Despite not knowing the extent of everything lost until just recently, the Dallas Police Chief felt confident enough to claim the lost data did not include evidence about crimes against people. But the Dallas DA — rightfully — isn’t taking this statement at face value, considering the DA’s office was one of the last parties informed about the data loss. Multiple cases are now under review to determine whether they’re affected by the terabytes of data that are, so far, unrecoverable.

And that review process means the people tasked with taking criminals off the street are, for the time being, putting accused criminals back on the street.

A murder suspect was released from the Dallas County jail earlier this month because prosecutors said on the day of his trial that they needed more time to make sure his case wasn’t among those impacted. Last week, the Dallas County Public Defender’s Office called for independent audits for 18 murder cases.

While the eye-grabbing part of this story is the botched migration that resulted in the deletion of 23 terabytes, the more concerning aspect is the part that involves the shielding of a data catastrophe until it was impossible to keep it hidden any longer. Mistakes happen, but the decision to exclude the city council and, more disappointingly, the prosecutor’s office was deliberate. That shouldn’t be excused even if PD officials firmly believed the data deletion was reversible. There was always the chance that it wasn’t. People’s lives and freedoms are on the line and the DA’s office was kept out of the loop. This indicates the Dallas PD felt it was better to bury its 23-terabyte problem, rather than allow people affected by the sudden disappearance of evidence to find out about it.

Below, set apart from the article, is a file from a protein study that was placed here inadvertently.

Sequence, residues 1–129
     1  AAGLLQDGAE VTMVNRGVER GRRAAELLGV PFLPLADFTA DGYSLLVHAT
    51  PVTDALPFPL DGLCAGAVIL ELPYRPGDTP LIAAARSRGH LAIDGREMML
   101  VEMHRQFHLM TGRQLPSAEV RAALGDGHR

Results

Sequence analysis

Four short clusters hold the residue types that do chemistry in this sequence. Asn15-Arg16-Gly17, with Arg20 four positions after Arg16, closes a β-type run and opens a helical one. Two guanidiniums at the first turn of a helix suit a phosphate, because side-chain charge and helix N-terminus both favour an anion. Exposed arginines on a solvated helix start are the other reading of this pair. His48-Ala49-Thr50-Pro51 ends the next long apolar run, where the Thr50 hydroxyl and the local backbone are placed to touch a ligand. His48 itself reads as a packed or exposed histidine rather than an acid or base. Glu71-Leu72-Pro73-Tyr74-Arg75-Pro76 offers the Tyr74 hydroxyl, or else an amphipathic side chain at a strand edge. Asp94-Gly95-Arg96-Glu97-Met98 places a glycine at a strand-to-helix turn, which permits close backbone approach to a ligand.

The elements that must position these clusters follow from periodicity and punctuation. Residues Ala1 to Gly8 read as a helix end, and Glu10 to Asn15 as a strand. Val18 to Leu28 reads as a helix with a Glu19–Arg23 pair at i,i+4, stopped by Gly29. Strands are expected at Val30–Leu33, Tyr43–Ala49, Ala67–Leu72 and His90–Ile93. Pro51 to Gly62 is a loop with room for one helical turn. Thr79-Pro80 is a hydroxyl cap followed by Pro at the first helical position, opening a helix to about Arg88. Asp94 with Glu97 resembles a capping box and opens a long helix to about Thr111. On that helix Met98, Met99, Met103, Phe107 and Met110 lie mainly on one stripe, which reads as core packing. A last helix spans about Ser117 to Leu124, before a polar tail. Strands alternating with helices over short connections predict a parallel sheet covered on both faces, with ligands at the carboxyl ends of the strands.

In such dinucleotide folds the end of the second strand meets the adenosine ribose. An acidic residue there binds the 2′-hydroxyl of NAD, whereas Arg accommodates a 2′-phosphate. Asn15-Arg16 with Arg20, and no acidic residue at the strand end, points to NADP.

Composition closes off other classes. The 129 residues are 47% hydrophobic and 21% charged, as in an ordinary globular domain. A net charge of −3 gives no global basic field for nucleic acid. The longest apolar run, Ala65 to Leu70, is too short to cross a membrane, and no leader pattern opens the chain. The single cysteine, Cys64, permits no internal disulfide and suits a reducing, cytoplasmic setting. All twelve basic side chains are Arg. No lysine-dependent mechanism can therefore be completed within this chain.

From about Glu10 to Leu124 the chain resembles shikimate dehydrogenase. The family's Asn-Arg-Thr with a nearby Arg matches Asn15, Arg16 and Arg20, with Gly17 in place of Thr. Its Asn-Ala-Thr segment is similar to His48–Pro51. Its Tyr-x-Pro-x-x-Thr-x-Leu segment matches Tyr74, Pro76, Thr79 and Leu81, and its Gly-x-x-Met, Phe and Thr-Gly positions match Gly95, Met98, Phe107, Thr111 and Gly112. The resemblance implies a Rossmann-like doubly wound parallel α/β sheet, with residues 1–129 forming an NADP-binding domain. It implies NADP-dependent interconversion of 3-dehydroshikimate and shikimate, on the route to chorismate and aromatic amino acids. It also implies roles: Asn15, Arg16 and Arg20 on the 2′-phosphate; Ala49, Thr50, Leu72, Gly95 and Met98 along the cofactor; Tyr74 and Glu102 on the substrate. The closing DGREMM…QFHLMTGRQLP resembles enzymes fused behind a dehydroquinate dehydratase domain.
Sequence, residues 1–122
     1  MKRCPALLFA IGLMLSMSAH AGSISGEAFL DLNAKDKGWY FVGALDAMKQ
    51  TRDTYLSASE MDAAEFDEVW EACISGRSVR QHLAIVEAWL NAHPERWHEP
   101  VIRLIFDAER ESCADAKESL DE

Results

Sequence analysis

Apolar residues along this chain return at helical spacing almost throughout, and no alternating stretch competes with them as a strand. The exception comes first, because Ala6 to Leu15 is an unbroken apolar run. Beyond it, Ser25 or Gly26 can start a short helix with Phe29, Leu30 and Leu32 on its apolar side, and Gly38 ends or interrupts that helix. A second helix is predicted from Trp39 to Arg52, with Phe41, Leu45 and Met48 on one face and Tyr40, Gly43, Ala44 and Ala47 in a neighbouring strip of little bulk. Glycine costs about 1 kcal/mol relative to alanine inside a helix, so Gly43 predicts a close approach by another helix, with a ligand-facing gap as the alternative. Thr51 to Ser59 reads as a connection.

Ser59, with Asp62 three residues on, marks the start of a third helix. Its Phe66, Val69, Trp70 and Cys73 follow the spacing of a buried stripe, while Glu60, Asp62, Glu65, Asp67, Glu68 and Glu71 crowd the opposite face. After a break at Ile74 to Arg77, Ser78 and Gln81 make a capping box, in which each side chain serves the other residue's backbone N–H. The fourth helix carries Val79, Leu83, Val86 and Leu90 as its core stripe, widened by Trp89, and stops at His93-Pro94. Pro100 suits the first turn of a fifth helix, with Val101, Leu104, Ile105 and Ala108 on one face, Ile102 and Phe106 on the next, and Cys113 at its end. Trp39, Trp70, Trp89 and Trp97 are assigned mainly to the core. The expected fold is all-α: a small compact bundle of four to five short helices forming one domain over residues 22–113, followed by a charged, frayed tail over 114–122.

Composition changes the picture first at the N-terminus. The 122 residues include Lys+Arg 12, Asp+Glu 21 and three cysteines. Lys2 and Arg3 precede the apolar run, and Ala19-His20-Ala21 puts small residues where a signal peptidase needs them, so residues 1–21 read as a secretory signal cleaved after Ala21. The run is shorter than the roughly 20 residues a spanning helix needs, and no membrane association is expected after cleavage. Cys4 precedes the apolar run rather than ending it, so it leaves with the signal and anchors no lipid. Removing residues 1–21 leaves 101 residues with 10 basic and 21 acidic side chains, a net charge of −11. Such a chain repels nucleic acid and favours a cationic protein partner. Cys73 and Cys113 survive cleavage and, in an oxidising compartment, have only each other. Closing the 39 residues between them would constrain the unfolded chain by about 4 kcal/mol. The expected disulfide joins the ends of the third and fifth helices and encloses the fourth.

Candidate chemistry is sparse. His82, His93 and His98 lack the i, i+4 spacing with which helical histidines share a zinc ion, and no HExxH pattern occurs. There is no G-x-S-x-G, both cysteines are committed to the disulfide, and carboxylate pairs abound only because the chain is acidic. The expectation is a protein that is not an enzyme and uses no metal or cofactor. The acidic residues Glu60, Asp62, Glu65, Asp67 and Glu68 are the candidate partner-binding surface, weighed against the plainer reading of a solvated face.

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Comments on “Dallas PD Hid Massive Data Deletion For Months From City Officials, District Attorney's Office”

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19 Comments
Upstreamsays:

Accident?

This is another one of those situations where one should look long and hard before applying Hanlon’s Razor. It is difficult to see how this could truly be accidental, and just the result of incompetence or ignorance. The concepts of backups and copy-verify-delete are just too basic, and too easy.

It would be interesting to see just what data was lost, and what the results are, ie who winds up not getting prosecuted for what crimes as a result of this, but I am not going to hold my breath waiting for this information to surface. Whoever benefits from this data loss (and their accomplices) should, of course, be the prime suspects in "arranging" for it to happen.

But since it is the PD, it is more likely that "just fire the IT guy and sweep the rest under the rug" will be the outcome.

Upstreamsays:

Accident?